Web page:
When I moved into my house, one of my first projects was to paint my master bedroom. The previous color was a horrible green that was not only too dark for the space, but reminded me of puke or baby poop…just no good. I wanted to stick to a neutral, earthy, bright color for the master that would give the room a relaxing feel. I ended up choosing ‘Whole Wheat’ from Sherwin-Williams as the base color for the walls. I love ‘Whole Wheat’ as it reminds me of my favorite time of day- when the sun is just starting to set and the world turns golden. To get the color I wanted and save a bit of money, I took the ‘Whole Wheat’ paint swatch to Lowes and had them color match it.
I knew I wanted a feature wall, and had been meaning to try out wall stenciling for awhile, so I figured why not!? I found a stencil I liked on etsy‘, Flourish Trellis’ from diy stencils, and chose an antique white paint to make the stencil pop. When the stencil arrived, I noticed the company name and copy-write had been cut out of the stencil in the lower corner. (Meaning if anyone tried to use the stencil, they would also have this information stenciled onto their wall…) So I covered the cutout portion on either side with scotch tape, which held well and solved the problem.
This particular stencil did not have corner edge registration marks (the registration marks were actually the circles on the edge of the pattern). So, I made a grid against my wall starting in the bottom right corner of my room. I placed the stencil down on the wall and put small pieces of painters tape underneath each of the ‘registration mark’ circles on stencil. Then I used a pen to draw the exact location of the circles on the painters tape. (Sorry, this is difficult to explain, but hopefully will make sense with the photos). Then I worked my way straight up against the corner of the wall, ensuring that the circles I had just drawn at the top of the stencil are perfectly overlapping on the bottom of the stencil. This grid looks intense, but actually did not take long to make. (It goes much faster if you have someone handing you the tape!)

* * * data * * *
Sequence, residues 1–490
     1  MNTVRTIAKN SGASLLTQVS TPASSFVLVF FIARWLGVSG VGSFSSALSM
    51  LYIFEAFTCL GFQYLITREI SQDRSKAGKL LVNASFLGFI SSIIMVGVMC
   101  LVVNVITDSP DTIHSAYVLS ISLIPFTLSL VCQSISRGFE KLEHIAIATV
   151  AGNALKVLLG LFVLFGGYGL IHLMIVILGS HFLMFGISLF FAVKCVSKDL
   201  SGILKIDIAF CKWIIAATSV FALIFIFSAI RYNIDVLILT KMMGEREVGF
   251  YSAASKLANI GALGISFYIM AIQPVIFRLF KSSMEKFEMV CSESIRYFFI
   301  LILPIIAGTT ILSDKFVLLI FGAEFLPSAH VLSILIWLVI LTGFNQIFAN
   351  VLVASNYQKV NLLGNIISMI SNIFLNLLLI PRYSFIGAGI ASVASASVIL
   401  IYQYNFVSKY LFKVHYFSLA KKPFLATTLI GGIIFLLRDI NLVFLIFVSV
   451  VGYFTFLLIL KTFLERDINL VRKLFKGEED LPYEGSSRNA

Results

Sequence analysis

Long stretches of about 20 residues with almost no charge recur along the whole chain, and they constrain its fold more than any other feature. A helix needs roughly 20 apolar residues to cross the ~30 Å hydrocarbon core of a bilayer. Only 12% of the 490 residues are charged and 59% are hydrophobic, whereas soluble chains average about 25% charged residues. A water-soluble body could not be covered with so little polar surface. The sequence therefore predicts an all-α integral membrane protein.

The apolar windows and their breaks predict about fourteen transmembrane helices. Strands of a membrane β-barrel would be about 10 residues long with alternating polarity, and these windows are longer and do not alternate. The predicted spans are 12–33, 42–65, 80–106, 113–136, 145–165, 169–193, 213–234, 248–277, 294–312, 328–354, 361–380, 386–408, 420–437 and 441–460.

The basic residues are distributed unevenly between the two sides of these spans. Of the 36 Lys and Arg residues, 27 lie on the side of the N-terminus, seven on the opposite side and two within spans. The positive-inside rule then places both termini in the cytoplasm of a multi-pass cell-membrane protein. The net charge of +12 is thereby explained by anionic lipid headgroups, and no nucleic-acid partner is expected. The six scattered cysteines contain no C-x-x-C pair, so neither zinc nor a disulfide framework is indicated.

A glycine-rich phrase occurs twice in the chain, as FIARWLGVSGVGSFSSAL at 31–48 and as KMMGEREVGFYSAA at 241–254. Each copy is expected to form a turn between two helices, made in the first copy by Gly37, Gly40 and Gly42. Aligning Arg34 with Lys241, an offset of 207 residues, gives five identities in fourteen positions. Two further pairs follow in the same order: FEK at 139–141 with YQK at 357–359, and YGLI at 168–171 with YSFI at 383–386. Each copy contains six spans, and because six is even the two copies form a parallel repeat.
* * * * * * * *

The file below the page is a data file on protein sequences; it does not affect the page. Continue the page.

I found that the stenciling went faster and applied smoother using a mini foam roller rather than a brush. I began painting in the lower right corner of the room and lined up the stencil with the painter’s tape circles. Once the stencil was lined up I used painter’s tape to keep the stencil in place, while I peeled the painter’s tape registration marks out from under the stencil. Then I stenciled away! I applied paint to every other section, so as not to smudge the wet paint. I did have some funky angled areas to work with, as my wall is not square. My stencil did come with a separate ‘ceiling edge stencil’, however I actually found it easier just to use the base stencil as it was flexible enough to fit in any space I needed.
Note: I noticed that the paint would start to dry and coat the inside of the stencil making the design smaller and smaller with every application. Therefore, I would suggest stopping to wash/dry the stencil occasionally to avoid the stencil getting ‘gummed up’.
Once the wall was complete, I brought out one of my finer brushes to fix any bleeding issues I noticed (see below image). I used the wall color paint (Whole Wheat) to paint a smooth line over any of the white that had bleed underneath of the stencil. Once the wall color had dried, the bleeding was no longer visible at all! Note: I only noticed this ‘bleeding’ happen the first couple of times using the stencil. After that, it seems the paint dried around the stencil and formed a barrier that prevented this bleeding from occurring.
Final product, my feature wall! I love how it turned out! So much so, that I am having a hard time putting any nails in the wall! Next project is the area above my bed, which I plan on putting up a couple of shelves.